Dower rights have been a fixture of Michigan law since 1787. Dower provided widows an entitlement to one-third interest in the real property that their husbands owned at any time during the marriage, allowing the deceased husband to provide economic support for his surviving wife. MCL 558.1. Earlier forms of dower were intended to assist wives, who were not permitted to own property and were left dependent on their husbands. Even after women were allowed to own property in Michigan in the mid-1800s, the state legislature felt that the women were still not on equal “economic footing” with men. Dower therefore remained. Although there was some debate during the 1961 Michigan constitutional convention about dower and whether it was still necessary, dower remained to ensure a husband could not disinherit his wife by transferring away property without her consent. MCL 558.13.
Notably, Michigan crafted its dower law specifically to protect only wives, not “spouses.” But with the significant shift in the definition of marriage brought about by the 2015 U.S. Supreme Court ruling in Obergefell, holding that states must recognize and license same-sex marriages, the continued viability of dower was called into question. Effective April 6, 2017, the Michigan Legislature eliminated dower rights altogether. See 2016 PA 378, 2016 PA 489, and 2016 PA 490. Now, only six states in the country retain some form of dower rights.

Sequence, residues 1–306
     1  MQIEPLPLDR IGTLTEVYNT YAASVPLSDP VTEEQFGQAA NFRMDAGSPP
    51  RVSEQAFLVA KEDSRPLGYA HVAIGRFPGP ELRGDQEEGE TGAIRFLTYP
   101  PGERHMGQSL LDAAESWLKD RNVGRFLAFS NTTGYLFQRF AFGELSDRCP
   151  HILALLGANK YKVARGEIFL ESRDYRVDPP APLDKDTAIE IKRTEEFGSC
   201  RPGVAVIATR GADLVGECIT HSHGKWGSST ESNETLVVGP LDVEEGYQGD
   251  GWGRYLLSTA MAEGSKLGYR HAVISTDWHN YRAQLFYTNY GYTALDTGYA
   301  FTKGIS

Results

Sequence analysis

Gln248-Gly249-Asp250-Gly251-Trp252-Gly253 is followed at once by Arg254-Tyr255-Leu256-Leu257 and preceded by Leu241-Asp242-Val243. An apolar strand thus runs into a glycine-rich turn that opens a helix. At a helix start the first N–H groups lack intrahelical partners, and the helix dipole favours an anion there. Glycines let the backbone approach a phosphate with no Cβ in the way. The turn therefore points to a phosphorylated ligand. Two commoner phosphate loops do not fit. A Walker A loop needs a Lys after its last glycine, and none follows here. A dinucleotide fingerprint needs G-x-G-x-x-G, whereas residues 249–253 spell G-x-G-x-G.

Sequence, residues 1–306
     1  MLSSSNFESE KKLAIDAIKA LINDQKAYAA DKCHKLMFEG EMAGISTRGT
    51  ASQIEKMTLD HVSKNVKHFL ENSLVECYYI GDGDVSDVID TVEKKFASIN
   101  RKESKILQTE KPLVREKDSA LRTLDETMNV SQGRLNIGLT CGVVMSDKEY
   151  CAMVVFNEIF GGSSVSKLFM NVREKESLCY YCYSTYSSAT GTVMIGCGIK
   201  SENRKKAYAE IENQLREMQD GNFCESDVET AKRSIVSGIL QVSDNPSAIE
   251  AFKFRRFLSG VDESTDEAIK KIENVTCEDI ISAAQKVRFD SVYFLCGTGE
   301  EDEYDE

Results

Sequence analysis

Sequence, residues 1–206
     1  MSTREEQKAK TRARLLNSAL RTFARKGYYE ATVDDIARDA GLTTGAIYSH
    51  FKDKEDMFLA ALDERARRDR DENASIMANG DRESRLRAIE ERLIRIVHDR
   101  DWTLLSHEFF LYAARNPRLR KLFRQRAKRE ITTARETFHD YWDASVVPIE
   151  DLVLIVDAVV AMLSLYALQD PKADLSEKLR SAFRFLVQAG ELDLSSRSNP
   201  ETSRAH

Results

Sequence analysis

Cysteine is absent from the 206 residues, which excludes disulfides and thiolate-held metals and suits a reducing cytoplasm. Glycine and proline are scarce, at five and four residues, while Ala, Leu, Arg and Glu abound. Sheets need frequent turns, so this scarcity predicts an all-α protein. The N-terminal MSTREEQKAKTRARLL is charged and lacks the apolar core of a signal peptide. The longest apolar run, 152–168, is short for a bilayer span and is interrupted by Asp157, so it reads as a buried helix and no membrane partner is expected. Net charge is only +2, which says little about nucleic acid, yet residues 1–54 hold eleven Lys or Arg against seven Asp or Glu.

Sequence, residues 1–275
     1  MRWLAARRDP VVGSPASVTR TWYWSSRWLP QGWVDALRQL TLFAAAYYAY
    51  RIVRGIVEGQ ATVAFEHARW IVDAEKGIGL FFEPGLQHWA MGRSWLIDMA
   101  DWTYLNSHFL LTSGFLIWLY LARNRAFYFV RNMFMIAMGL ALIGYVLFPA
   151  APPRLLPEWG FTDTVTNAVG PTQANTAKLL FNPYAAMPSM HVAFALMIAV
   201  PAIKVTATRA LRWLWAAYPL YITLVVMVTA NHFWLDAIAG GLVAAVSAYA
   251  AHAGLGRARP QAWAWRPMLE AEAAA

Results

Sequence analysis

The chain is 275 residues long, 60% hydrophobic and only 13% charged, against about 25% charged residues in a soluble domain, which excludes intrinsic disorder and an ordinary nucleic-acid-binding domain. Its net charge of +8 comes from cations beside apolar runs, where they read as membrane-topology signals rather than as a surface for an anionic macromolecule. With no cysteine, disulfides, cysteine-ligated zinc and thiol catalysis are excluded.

Practically speaking, this elimination may not have an enormous impact, as dower rights are rarely exercised. Wives may seek other remedies under Michigan laws that tend to be more generous. Under Michigan intestacy law, in specific scenarios, the surviving spouse could be entitled to the first $150,000, plus one-half of the balance of any intestate estate. (See chapter 2, "Intestacy and Determination of Heirs," in Michigan Probate Litigation.) Under Michigan family law, depending on the circumstances, a divorced wife would typically be entitled to a more equitable division of property than a one-third life estate of her husband's property. (See chapter 15, "Property Division," in Michigan Family Law.)
Though this may not be a game changer in the legal community, it is a symbolic move: Michigan is moving past an outdated statute that is rarely used.